embed embed2
‘My Son Maybe Different, But It’s Never A Disability’: Mom Shares Her Son's Autism Journey
  • He loves things that spin, he is very sensitive to sound, and he is ultimately smart but he is confused with people’s facial expressions. My four-year-old little is different but that doesn’t makes him less of a son to me.

    When I gave birth to Atticus, my husband said “he stood out among the babies in the nursery, he just looks different and more handsome.” At first, I thought he just said that because he is the father of the child, but as our Atticus grew up, I just knew he is exceptional.

    First signs

    The first thing I noticed about my child is he is prone to infections. When I gave birth to him, he had to stay in the nursery due to an infection. He had rashes all over his body and he had to take a special milk formula for lactose intolerance.

    I was a busy mom then. The hustles occupied me so much that I had little time for my child, I did not even have time to talk to and play with him. I am a public school teacher, and the face-to-face classes back then was draining all my energy. 

    My husband was working in our bakery in those years, and I only have my father to look after my son. Atticus behaves when he watches television and that became his routine every day.

    ‘I never heard him call me “Mommy”’

    A few months later, frequent sickness and infections afflicted my son. Until he turned one year and seven months old and a doctor told us what she observed. She said my son had a speech delay and must be referred to a development pediatrician. I also noticed the same. 


    My son is unlike other kids who can freely express their emotions without tantrums. Atticus had to reach for my hand and place it on any object or food that he wants. He never reaches things by himself. He has less eye contact and I never heard him call me “Mommy.”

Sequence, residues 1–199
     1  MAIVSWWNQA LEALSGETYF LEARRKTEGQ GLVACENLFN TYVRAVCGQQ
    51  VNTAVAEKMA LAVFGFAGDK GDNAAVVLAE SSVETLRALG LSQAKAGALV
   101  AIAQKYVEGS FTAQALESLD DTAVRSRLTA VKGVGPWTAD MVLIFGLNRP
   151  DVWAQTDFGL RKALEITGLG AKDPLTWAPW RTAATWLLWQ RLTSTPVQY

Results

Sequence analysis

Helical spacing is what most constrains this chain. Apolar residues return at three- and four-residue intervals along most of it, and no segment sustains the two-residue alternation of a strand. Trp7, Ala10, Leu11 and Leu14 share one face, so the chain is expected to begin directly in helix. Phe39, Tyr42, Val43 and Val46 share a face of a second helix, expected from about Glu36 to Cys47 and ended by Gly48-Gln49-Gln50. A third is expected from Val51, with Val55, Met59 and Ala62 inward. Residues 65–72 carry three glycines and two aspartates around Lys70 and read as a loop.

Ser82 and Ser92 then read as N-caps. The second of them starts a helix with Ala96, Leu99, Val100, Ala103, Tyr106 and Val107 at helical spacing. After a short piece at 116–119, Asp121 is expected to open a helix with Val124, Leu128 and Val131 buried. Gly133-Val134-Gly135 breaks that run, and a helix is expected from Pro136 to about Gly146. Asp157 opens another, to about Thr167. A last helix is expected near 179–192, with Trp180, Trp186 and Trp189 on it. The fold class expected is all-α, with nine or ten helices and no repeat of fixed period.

He is good in memorizing songs and the alphabet and at the age of two, he could already read some words. But his conversational skill is very limited, he could barely complete a sentence.

    Autism in Filipino children increases every year

    We heeded the doctor’s advice and visited a development pediatrician. We are fortunate enough that another patient canceled an appointment and we were accommodated right away. During the assessment, my Atticus did all the things instructed by the development pediatrician well. It was heartbreaking to receive his diagnosis: mild autism spectrum disorder.

    Autism can have genetic or environmental risk factors according to Autism Speaks. It tends to run in families or could be the environmental factors that a mother encountered during pregnancy like advanced age or birth spacing. 

    Recommended Videos

    It is a condition that roots in the brain development of the child and how the neurons communicate to each other.

    UNTV reported in 2016 that Filipino children with autism increase every year. “As of 2015, 1 in 68. Maybe in the 1980s 1 in 10,000 before. But every year we are looking into higher prevalence rates of autism in children” said Dr. Mimi Avendaño, child neurologist and neurodevelopmental pediatrician. 

    ALSO READ: Raising Two Sons With Autism: Small 'Champagne Moments' Give Us Strength

    How mild autism may look like

    Mild autism is unlike severe autism where kids are obviously incapable of doing things on their own. Children with mild autism are in between the too-normal-to-be-special and too-special-to-be-normal. 

    You would never be able to tell of their condition through their looks, but their behavior especially with the crowd will simply show that they are different. 

    Children with mild autism are commonly intelligent or even beyond intelligent. Yet, they are not capable of managing things like their emotions or how they react to stimuli. Some things are just unbearable for them and too much to deal with.